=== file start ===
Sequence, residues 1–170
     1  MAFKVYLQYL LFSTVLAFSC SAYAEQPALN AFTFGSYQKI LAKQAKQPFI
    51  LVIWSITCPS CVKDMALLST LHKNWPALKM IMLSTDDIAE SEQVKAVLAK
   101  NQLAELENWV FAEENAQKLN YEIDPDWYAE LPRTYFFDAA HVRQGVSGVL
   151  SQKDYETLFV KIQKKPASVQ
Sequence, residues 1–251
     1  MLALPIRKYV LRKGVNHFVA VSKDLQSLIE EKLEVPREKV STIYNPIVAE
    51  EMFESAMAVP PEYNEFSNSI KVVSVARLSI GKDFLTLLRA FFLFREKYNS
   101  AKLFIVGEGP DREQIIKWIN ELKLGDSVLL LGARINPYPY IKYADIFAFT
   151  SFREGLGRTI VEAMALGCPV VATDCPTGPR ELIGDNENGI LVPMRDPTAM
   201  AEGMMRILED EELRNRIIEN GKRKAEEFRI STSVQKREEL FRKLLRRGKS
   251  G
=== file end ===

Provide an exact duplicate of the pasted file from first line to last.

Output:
Sequence, residues 1–170
     1  MAFKVYLQYL LFSTVLAFSC SAYAEQPALN AFTFGSYQKI LAKQAKQPFI
    51  LVIWSITCPS CVKDMALLST LHKNWPALKM IMLSTDDIAE SEQVKAVLAK
   101  NQLAELENWV FAEENAQKLN YEIDPDWYAE LPRTYFFDAA HVRQGVSGVL
   151  SQKDYETLFV KIQKKPASVQ
Sequence, residues 1–251
     1  MLALPIRKYV LRKGVNHFVA VSKDLQSLIE EKLEVPREKV STIYNPIVAE
    51  EMFESAMAVP PEYNEFSNSI KVVSVARLSI GKDFLTLLRA FFLFREKYNS
   101  AKLFIVGEGP DREQIIKWIN ELKLGDSVLL LGARINPYPY IKYADIFAFT
   151  SFREGLGRTI VEAMALGCPV VATDCPTGPR ELIGDNENGI LVPMRDPTAM
   201  AEGMMRILED EELRNRIIEN GKRKAEEFRI STSVQKREEL FRKLLRRGKS
   251  G